Wash Your Hands and Other Life Lessons from Mom

Nothing Like a Mother's Health Advice and Tips

When you were a kid, your mom probably gently reminded you to wash your hands before you sat down at the table for a meal. She also probably reminded you to wash your hands after using the bathroom or playing outside. Although hand washing might have seemed like a drag then, as an adult, you've realized, that as always, mom knows best.

This Mother's Day, celebrate mom and all she's done for you by remembering to wash your hands.

Why Wash Your Hands

Why did your mom put such an emphasis on washing your hands? Having clean hands can save your life, and the lives of others around you.

Think of all the things your hands touch in a day: Door handles and knobs, pets, raw meats and other raw foods, mailbox pulls and items at the store. Some of those items might have small amounts of feces or dirt on them, which can contain trillions of disease-causing germs1.

Some of those germs, such as norovirus or E. coli, can cause diarrhea while others, such as adenovirus, can lead to respiratory infections. Regular hand washing removes germs from the surface of your skin, significantly lowering the risk of you (or others) getting sick. Good hand washing habits can also help to reduce antibiotic use, which can curb the spread of antibiotic-resistant bacteria1.

When to Wash Your Hands

Mom was right: You should wash your hands before eating and after using the bathroom. There are many other times when hand washing is a good call:

● After your blow your nose, sneeze, or cough.

● After you pet an animal or handle animal food or waste.

● After touching garbage.

● Before, during, and after food preparation.

● Before and after caring for a sick person.

● Before and after caring for a cut or wound.

Healthcare professionals have long advocated for strong hand-washing practices to prevent the spread of infections and illnesses. During the COVID-19 pandemic, an even greater emphasis was put on hand washing as a way to reduce the spread of illness. In addition to washing your hands in any of the above situations, the Centers for Disease Control and Prevention now also recommends washing your hands before and after being in a public space, touching your eyes, nose, mouth, or mask, or touching high-contact areas2.

How to Wash Your Hands

You have two options when it comes to washing your hands. You can either wash with soap and water or use a hand sanitizer. Hand sanitizer can be ideal when you're out and about and don't have access to a sink. You can pop a small bottle of it into your purse or bag.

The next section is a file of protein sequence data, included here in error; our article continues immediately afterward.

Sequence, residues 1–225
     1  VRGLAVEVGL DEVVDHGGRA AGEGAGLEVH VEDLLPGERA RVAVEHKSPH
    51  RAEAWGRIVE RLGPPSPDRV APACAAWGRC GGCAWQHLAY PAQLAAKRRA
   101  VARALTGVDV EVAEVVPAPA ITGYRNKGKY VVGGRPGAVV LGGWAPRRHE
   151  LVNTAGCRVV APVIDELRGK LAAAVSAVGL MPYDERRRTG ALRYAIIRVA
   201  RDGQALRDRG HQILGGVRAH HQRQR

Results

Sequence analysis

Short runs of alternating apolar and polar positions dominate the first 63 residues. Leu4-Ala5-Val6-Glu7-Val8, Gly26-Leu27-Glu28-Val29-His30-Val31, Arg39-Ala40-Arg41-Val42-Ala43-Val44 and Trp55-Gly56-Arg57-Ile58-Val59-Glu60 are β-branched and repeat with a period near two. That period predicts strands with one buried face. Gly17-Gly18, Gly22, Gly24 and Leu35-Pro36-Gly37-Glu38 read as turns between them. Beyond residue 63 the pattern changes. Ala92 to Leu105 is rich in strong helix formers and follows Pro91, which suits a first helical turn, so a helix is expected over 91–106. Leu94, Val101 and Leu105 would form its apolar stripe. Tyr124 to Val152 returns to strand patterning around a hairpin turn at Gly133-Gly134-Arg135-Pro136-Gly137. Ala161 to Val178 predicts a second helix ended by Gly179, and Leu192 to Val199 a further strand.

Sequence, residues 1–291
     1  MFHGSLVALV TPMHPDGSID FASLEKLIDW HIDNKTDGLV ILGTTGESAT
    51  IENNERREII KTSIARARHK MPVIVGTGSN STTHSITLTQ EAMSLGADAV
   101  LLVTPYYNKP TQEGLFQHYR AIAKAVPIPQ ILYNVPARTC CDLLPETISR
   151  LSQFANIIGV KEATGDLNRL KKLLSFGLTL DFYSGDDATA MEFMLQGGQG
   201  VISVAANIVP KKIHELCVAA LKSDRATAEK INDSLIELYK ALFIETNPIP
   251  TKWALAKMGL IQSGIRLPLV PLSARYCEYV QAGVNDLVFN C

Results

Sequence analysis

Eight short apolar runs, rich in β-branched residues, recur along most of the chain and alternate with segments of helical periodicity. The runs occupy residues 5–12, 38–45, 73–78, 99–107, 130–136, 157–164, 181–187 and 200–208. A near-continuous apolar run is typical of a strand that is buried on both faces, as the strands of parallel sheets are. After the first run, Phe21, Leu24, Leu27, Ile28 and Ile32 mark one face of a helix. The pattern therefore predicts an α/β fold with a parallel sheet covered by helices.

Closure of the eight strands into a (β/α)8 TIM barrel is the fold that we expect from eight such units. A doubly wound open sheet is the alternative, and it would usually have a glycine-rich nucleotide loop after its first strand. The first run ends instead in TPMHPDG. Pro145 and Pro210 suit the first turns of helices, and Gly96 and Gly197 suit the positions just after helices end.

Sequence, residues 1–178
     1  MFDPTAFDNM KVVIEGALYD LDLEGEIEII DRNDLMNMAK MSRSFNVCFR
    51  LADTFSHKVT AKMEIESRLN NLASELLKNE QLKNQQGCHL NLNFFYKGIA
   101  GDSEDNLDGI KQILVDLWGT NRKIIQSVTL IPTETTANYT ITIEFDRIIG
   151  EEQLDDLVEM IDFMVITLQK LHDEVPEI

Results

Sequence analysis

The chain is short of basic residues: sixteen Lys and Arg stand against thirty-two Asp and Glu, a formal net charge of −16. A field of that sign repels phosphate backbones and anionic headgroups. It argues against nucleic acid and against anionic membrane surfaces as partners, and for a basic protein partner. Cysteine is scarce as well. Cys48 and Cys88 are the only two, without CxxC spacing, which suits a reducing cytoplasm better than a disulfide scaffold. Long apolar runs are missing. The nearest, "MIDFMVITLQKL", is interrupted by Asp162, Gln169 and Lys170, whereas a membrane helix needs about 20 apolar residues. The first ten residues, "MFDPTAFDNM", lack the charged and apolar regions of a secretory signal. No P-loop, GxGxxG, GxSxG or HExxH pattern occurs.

When you wash your hands, two things matter the most: duration of the hand washing and the use of soap. Using soap helps to remove more germs than using plain water, as soap contains ingredients that lift bacteria and dirt from the skin3.

The first step to good hand washing to wet the hands. Next, add soap, then rub the hands together to produce friction. Focus on washing the fingertips, including the nail beds, between the fingers, and the backs of the hands.

After scrubbing and lathering for at least 20 seconds, rinse the hands with clean, running water before drying them thoroughly.

If you don't have access to a sink or soap, hand sanitizer can be the next best thing for removing germs from the surface of your skin. To use sanitizer, place a small amount of it on one palm. Rub your hands together to coat them with the gel or liquid. As when you wash your hands, make sure to get between the fingers and near the nails. Keep rubbing until the hand sanitizer is completely dry.

How to Choose Hand Washing Soap

Your mom might have told you that the best things in life were the simple things, and she was right. Although there are plenty of antibacterial soaps out there, the most effective soap for handwashing is plain, basic soap. Antibacterial soap often costs more and isn't more effective.

If you're looking for a hand sanitizer, choose a product that contains at least 60% alcohol. Sanitizer with a lower alcohol concentration won't be as effective at fighting germs.

When it comes to living a long and healthy life, you really can't beat the advice from your mom. To honor mom, remember to wash your hands.

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1. Show Me the Science: Why Wash Your Hands?, Centers for Disease Control and Prevention, https://www.cdc.gov/handwashing/why-handwashing.html

2. When and How to Wash Your Hands, CDC, https://www.cdc.gov/handwashing/when-how-handwashing.html

3. Show Me the Science: How to Wash Your Hands, CDC, https://www.cdc.gov/handwashing/show-me-the-science-handwashing.html

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